Thursday, May 08, 2014
Review: George Washington's Secret Six
George Washington’s Secret Six
By Brian Kilmeade and Don Yaeger
Sentinel HC, November 2013
About the Book
When General George Washington beat a hasty retreat from New York City in August 1776, many thought the American Revolution might soon be over. Instead, Washington rallied—thanks in large part to a little-known, top-secret group called the Culper Spy Ring.
Washington realized that he couldn’t beat the British with military might, so he recruited a sophisticated and deeply secretive intelligence network to infiltrate New York. So carefully guarded were the members’ identities that one spy’s name was not uncovered until the twentieth century, and one remains unknown today. But by now historians have discovered enough information about the ring’s activities to piece together evidence that these six individuals turned the tide of the war.
So the saying goes: “A spy’s name is always lost to history if indeed that spy was truly successful”. And that saying is certainly apt when describing the Culper Ring, a group of six individuals who played compelling roles in turning the tide of the Revolutionary War on American’s behalf. This book tells the tale of those unsung heroes, many of whom had names unknown even to Washington himself, thereby emphasizing the strict secrecy and imminent danger under which they worked. Five men and one lady (the lady’s identity and fate remain a riddle to this day) worked together across various levels of society to take down the likes of Benedict Arnold and John Andre, helping to ensure America’s victory and the eventual departure of the British army from the country.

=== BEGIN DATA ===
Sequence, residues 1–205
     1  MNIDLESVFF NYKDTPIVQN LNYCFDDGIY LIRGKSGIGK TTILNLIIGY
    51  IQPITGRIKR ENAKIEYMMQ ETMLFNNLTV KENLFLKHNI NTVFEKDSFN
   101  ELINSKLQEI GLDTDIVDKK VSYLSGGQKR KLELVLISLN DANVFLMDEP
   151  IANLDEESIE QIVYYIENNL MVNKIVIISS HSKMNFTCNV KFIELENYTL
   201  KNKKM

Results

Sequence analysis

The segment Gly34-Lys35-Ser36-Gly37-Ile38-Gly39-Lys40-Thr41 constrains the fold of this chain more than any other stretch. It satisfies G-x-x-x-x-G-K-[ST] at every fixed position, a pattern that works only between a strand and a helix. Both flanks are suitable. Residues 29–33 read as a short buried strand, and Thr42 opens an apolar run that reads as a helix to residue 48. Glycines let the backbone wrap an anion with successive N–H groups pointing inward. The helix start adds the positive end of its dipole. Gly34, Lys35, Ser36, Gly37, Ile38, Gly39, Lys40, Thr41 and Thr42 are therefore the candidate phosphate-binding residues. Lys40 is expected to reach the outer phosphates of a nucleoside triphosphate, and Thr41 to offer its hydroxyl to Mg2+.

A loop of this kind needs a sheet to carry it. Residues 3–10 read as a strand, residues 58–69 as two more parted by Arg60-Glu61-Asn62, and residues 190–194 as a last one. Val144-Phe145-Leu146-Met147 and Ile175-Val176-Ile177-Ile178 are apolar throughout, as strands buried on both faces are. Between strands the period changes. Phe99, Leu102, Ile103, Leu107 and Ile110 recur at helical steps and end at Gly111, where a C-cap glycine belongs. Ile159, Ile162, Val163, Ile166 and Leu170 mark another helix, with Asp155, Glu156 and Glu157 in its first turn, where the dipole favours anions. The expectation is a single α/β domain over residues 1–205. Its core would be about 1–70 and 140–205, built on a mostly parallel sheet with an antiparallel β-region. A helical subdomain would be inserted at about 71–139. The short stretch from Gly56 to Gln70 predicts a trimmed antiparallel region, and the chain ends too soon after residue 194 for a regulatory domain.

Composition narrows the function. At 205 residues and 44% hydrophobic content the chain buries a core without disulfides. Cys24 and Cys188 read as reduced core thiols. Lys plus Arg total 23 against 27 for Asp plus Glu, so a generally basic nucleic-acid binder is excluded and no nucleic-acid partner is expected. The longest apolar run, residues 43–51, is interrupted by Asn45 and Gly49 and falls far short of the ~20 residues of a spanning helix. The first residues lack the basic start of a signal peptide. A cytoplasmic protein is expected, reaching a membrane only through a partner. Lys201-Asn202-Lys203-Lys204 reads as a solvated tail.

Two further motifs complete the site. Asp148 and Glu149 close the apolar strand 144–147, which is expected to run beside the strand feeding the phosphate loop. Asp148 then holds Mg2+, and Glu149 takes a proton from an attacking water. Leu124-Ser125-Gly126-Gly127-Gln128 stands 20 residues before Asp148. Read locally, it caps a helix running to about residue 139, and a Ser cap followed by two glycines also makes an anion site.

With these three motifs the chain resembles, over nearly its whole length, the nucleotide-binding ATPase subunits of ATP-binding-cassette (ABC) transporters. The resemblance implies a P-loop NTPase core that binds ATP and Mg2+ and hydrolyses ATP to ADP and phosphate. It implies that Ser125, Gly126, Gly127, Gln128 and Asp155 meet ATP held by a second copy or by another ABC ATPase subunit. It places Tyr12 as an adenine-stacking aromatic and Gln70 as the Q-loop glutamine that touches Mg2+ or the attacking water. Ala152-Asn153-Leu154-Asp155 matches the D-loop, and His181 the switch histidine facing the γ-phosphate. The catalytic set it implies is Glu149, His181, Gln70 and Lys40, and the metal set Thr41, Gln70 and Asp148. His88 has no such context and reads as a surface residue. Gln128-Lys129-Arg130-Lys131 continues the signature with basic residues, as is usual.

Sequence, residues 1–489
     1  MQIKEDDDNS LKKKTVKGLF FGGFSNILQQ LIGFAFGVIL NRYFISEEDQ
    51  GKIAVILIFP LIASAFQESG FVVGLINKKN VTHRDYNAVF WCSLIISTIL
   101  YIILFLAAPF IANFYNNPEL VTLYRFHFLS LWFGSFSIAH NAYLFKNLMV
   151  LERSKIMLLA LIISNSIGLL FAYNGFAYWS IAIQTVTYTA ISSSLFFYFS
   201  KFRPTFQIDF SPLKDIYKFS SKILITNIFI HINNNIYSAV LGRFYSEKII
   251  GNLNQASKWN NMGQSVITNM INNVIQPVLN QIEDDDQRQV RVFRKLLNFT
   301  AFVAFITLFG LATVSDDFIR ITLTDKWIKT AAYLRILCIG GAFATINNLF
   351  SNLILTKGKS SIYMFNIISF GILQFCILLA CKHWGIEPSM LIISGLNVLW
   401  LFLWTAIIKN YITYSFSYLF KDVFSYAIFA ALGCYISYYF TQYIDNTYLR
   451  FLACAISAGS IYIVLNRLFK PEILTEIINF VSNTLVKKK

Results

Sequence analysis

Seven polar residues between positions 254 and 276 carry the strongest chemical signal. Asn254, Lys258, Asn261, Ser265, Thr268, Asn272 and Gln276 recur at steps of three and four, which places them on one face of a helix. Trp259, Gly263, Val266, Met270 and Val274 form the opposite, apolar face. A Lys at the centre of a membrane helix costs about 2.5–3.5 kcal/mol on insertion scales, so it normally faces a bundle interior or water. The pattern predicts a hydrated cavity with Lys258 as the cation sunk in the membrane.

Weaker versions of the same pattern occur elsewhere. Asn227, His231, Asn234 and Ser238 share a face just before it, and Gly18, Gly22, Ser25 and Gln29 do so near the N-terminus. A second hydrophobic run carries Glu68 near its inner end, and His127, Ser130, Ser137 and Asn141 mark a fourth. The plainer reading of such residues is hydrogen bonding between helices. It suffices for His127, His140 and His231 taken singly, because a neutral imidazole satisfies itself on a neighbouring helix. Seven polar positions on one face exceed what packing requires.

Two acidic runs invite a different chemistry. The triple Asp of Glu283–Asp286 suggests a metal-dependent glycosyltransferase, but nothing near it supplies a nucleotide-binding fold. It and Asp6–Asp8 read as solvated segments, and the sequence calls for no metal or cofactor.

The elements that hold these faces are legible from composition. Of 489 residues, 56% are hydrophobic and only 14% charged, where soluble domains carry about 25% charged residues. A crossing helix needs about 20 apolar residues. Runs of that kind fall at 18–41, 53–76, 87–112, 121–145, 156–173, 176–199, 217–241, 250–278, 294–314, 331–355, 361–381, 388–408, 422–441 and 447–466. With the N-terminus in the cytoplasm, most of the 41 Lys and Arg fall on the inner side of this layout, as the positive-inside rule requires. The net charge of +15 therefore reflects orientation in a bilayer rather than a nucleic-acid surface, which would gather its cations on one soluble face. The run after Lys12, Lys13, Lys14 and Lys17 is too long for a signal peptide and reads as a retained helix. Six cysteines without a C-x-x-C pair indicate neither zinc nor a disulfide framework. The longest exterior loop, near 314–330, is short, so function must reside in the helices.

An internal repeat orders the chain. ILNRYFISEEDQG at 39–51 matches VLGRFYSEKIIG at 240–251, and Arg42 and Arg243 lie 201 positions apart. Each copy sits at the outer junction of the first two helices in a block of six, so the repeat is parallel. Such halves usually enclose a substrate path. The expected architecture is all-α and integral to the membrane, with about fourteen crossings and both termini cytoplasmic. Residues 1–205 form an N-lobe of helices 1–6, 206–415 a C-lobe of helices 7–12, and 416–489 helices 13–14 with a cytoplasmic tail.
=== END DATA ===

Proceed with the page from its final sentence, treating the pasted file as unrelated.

If you want a look into a “backstory” of the AMCTV show Turn or to hear more about true-life American heroes who have remained unrecognized for hundreds of years, then this is a place to start. The TV show is, as usual, much different than the book, but the book gives you a more in-depth look at the lives and courageous actions of these individuals and the parts they played. The book contains fascinating details, many never before revealed, about the ring, the work they accomplished, and the dangers they faced. In fact, it leaves the reader hungry for even more.
The writing is admittedly uneven and even amateurish in parts, but those who knock the work because of the political views and associations of its author(s) do the book an enormous disservice. So I hope that people will ignore the “trolls” on Amazon and Goodreads and approach this book and its story on its own merits. This is an eye-opening, true-life adventure story that highlights the importance and patriotism of some of America’s earliest, unacknowledged heroes. It would be a shame to miss it.
Rebecca Henderson Palmer